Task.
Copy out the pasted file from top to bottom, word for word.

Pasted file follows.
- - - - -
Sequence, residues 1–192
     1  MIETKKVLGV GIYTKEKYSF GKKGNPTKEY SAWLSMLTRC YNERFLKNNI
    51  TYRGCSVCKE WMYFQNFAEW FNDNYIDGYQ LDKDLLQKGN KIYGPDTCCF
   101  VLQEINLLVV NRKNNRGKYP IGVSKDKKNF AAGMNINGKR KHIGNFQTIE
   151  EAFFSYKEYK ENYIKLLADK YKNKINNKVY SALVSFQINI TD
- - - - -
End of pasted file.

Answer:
Sequence, residues 1–192
     1  MIETKKVLGV GIYTKEKYSF GKKGNPTKEY SAWLSMLTRC YNERFLKNNI
    51  TYRGCSVCKE WMYFQNFAEW FNDNYIDGYQ LDKDLLQKGN KIYGPDTCCF
   101  VLQEINLLVV NRKNNRGKYP IGVSKDKKNF AAGMNINGKR KHIGNFQTIE
   151  EAFFSYKEYK ENYIKLLADK YKNKINNKVY SALVSFQINI TD